The introduction of bowl- and pipe-shaped retorts was successful and well-received by the communities in Munhena, Manica District, Mozambique. Continued monitoring is necessary to ensure successful operation of the retorts left with the workers. The miners were also shown how to make their own retorts and further monitoring should ensure that they were able to do so successfully. Further fieldwork is also necessary to train more people in the community and develop their capacity to implement the solutions that were introduced in this pilot project.
Further fieldwork is necessary to train more community members and develop their capacity to implement the solutions that were introduced in this pilot project. Moreover, the impacts of methylmercury in the pilot study area were not assessed and should be investigated into in the future. Granted the rapid increase in artisanal gold mining activities in many African countries, the success of this project suggests that this model should be replicated on a larger scale in other communities as well.
In order to continue the effectiveness of the pilot project, an Amalgamation Centre in Munhena will be built with specifications including a cement tan to store amalgamation tailings, a small mill (as they use) made of gas tanks with a coarse chain inside or rubber balls to amalgamate their concentrates, avoiding manual amalgamation, a PVC filter that can be attached to a bicycle wheel to remove excess mercury from amalgams avoiding manual contact with mercury, etc.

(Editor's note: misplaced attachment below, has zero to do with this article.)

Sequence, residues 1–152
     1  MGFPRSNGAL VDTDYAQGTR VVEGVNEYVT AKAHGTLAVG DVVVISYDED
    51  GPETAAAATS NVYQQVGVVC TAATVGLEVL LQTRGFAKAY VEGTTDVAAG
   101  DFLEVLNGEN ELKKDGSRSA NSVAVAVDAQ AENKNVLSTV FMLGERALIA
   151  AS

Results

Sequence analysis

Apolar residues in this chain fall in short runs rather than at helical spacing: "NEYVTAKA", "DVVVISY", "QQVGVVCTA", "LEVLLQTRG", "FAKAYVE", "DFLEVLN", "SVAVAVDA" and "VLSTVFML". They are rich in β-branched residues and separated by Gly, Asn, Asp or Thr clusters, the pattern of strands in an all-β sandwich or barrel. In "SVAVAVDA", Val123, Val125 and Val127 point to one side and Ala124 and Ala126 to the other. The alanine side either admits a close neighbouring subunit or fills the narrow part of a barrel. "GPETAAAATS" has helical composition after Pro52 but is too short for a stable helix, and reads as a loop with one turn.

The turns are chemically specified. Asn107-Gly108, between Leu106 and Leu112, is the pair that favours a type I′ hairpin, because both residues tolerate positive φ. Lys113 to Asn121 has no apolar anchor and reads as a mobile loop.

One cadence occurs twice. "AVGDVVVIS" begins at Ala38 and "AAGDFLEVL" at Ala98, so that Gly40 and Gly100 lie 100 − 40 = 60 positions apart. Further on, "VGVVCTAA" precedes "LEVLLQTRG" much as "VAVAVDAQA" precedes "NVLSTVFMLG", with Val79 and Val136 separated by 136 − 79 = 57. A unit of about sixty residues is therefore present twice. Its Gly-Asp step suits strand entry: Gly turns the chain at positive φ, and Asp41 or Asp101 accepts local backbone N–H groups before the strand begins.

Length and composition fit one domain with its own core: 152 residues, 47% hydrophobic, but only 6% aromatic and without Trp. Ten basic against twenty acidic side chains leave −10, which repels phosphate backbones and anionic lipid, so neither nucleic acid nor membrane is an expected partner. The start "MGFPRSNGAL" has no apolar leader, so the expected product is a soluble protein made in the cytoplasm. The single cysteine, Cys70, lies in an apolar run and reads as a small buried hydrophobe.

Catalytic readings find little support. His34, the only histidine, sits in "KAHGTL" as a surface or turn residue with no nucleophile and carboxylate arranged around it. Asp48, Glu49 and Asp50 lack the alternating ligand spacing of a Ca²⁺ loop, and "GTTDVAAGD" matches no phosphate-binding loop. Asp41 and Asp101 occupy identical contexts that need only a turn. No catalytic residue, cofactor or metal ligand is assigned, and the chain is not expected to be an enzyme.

We have also identified other exposure pathways for future observation. Mine tailings containing mercury are washed off into large rivers in the area therefore health conditions of fish must be analyzed. Moreover, during seasonal flood events, more mercury contaminated soil and dust enters into water bodies.
Since mining activities make up a major source of income in the area, technicians at the Provincial Direction of Mineral Resources who buy gold from artisanal miners are also exposed to high levels of mercury vapor. Studies show that these technicians are exposed to what could be 35 times higher of mercury levels compare to the WHO safety guidelines. One of the solutions for the employees is to receive the gold in the lab, i.e. under the fume hood, and dissolve residual mercury with nitric acid, instead of receiving the gold in the confined office space where contamination is more likely.